Republican Party

A Summary of the
Republican Party
The Second Largest Party


The Republican Party's 21st-century ideology is American conservatism, which incorporates both social conservatism and fiscal conservatism. The GOP supports lower taxes, free-market capitalism, restrictions on immigration, increased military spending, gun rights, restrictions on abortion, deregulation, and restrictions on labor unions

Beginnings: 1854–1860

The Republican Party grew out of opposition to the Kansas–Nebraska Act, which was signed into law by President Franklin Pierce in 1854. The Act opened Kansas Territory and Nebraska Territory to slavery and future admission as slave states, thus implicitly repealing the prohibition on slavery in territory north of 36° 30' latitude that had been part of the Missouri Compromise. This change was viewed by anti-slavery Northerners as an aggressive, expansionist maneuver by the slave-owning South. Opponents of the Act were intensely motivated and began forming a new party. The Party began as a coalition of anti-slavery Conscience Whigs such as Zachariah Chandler and Free Soil Democrats such as Salmon P. Chase.

The first anti-Nebraska local meeting where "Republican" was suggested as a name for a new anti-slavery party was held in a Ripon, Wisconsin schoolhouse on March 20, 1854. The first statewide convention that formed a platform and nominated candidates under the Republican name was held near Jackson, Michigan, on July 6, 1854. At that convention, the party opposed the expansion of slavery into new territories and selected a statewide slate of candidates. The Midwest took the lead in forming state Republican Party tickets; apart from St. Louis and a few areas adjacent to free states, there were no efforts to organize the Party in the southern states.

New England Yankees, who dominated that region and much of upstate New York and the upper Midwest, were the strongest supporters of the new party. This was especially true for the pietistic Congregationalists and Presbyterians among them and, during the war, many Methodists and Scandinavian Lutherans. The Quakers were a small, tight-knit group that was heavily Republican. By contrast, the liturgical churches (Roman Catholic, Episcopal and German Lutheran) largely rejected the moralism of the Republican Party; most of their adherents voted Democratic.

The new Republican Party envisioned modernizing the United States, emphasizing expanded banking, more railroads and factories, and giving free western land to farmers ("free soil") as opposed to letting slave owners buy up the best properties. It vigorously argued that free market labor was superior to slavery and was the very foundation of civic virtue and true republicanism; this was the "Free Soil, Free Labor, Free Men" ideology. Without using the term "containment", the Republican Party in the mid-1850s proposed a system of containing slavery. Historian James Oakes explains the strategy: =====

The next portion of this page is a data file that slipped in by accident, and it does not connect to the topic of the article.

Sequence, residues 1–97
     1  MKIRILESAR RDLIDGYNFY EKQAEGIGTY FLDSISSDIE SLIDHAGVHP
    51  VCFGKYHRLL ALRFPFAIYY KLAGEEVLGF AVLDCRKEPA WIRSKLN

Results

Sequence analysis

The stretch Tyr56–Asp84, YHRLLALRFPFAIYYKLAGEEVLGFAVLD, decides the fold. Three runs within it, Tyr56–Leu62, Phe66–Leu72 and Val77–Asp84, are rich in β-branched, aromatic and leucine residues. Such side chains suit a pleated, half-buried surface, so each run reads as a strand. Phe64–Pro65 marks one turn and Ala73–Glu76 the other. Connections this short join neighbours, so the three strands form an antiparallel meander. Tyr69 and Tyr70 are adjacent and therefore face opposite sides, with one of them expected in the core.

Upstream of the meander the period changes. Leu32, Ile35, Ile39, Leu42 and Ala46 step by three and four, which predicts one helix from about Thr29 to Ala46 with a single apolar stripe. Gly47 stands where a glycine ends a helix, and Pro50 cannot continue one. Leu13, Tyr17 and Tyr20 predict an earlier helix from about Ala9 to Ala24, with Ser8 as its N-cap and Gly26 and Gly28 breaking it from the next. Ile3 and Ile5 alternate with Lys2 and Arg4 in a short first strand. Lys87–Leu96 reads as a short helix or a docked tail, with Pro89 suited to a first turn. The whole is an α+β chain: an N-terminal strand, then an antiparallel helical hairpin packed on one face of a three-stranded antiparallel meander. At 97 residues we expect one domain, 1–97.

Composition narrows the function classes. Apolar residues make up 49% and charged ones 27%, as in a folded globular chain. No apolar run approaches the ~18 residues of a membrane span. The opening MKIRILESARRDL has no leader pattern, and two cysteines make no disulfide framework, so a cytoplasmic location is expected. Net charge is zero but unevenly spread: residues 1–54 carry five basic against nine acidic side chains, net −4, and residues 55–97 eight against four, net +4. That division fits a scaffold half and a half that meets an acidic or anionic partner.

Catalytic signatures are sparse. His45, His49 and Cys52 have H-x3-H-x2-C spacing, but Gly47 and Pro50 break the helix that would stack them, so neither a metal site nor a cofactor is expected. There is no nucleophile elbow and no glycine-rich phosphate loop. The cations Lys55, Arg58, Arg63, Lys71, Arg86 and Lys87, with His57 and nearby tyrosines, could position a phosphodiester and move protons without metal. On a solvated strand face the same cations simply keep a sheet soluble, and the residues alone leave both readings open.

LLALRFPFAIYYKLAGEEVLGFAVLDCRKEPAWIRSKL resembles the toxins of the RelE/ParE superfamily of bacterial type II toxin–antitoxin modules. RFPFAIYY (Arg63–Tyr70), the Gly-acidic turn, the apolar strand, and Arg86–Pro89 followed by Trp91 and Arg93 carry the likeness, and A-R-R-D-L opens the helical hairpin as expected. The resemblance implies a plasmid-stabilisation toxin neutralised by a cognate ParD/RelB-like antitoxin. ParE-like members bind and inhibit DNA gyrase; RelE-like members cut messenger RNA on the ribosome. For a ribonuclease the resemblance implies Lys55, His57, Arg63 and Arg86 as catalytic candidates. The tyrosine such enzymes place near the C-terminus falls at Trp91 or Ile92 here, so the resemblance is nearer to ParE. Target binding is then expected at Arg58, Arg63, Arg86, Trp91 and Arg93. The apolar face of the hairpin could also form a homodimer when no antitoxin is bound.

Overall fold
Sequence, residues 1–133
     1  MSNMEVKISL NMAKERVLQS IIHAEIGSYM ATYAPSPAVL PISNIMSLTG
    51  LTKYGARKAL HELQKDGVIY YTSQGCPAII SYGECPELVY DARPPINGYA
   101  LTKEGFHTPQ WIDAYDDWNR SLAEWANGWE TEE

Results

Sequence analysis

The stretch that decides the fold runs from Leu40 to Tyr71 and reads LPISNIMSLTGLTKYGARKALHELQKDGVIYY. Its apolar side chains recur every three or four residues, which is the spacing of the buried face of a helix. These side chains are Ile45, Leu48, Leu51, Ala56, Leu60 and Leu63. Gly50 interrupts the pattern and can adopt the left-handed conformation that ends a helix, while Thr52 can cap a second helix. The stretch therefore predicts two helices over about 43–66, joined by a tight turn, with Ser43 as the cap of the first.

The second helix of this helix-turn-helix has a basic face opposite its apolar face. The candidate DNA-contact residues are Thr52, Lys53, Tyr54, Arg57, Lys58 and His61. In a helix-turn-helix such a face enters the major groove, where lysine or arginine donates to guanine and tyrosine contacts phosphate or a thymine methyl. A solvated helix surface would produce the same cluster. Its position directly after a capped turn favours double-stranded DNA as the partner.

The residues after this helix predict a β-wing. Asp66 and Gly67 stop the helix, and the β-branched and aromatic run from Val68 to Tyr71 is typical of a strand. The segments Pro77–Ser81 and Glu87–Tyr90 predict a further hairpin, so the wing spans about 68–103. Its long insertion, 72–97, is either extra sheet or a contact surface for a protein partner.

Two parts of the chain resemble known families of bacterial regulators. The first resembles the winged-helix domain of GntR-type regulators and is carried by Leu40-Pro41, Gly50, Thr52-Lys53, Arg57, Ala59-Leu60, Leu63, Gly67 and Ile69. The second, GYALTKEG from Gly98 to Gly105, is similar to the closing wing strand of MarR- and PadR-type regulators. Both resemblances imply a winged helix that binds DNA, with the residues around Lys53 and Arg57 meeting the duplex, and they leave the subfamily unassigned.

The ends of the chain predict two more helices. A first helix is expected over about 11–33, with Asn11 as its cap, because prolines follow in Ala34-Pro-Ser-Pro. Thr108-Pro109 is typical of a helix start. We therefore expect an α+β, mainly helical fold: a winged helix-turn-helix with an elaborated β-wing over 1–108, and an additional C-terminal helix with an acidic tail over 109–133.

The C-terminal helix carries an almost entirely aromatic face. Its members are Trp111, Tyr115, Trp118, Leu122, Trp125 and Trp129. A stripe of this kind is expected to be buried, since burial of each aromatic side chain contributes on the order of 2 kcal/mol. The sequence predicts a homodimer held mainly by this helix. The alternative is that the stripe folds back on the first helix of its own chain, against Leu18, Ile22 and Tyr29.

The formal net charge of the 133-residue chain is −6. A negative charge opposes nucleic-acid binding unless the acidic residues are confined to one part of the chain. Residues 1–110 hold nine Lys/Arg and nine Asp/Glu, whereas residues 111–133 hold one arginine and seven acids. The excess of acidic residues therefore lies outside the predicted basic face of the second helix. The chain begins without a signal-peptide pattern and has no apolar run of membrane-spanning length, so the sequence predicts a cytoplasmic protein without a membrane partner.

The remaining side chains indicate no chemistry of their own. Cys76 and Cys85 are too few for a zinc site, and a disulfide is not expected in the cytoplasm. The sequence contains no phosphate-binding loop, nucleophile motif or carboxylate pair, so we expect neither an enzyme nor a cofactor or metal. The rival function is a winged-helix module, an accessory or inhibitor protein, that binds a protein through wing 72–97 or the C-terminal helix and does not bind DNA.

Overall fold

The federal government would surround the south with free states, free territories, and free waters, building what they called a 'cordon of freedom' around slavery, hemming it in until the system's own internal weaknesses forced the slave states one by one to abandon slavery. In Pittsburgh, Pennsylvania on February 22, 1856. This gathering elected a governing National Executive Committee and passed resolutions calling for the repeal of laws enabling slaveholding in free territories and "resistance by Constitutional means of Slavery in any Territory," defense of anti-slavery individuals in Kansas who were coming under physical attack, and a call to "resist and overthrow the present National Administration" of Franklin Pierce, "as it is identified with the progress of the Slave power to national supremacy." first national nominating convention was held in June 1856 in Philadelphia. John C. Frémont ran as the first Republican nominee for President in 1856 behind the slogan "Free soil, free silver, free men, Frémont and victory!" Although Frémont's bid was unsuccessful, the party showed a strong base. It dominated in New England, New York and the northern Midwest and had a strong presence in the rest of the North. It had almost no support in the South, where it was roundly denounced in 1856–1860 as a divisive force that threatened civil war.=====

The Republican Party absorbed many of the previous traditions of its members, who had come from an array of political factions, including Working Men, Locofoco Democrats, Free Soil Democrats, Free Soil Whigs, anti-slavery Know Nothings, Conscience Whigs, and Temperance Reformers of both parties. Many Democrats who joined were rewarded with governorships, or seats in the U.S. Senate, or House of Representatives.

During the presidential campaign in 1860, at a time of escalating tension between the North and South, Abraham Lincoln addressed the harsh treatment of Republicans in the South in his famous Cooper Union speech: ====

[W]hen you speak of us Republicans, you do so only to denounce us as reptiles, or, at the best, as no better than outlaws. You will grant a hearing to pirates or murderers, but nothing like it to "Black Republicans." [...] But you will not abide the election of a Republican president! In that supposed event, you say, you will destroy the Union; and then, you say, the great crime of having destroyed it will be upon us! That is cool. A highwayman holds a pistol to my ear, and mutters through his teeth, "Stand and deliver, or I shall kill you, and then you will be a murderer!"


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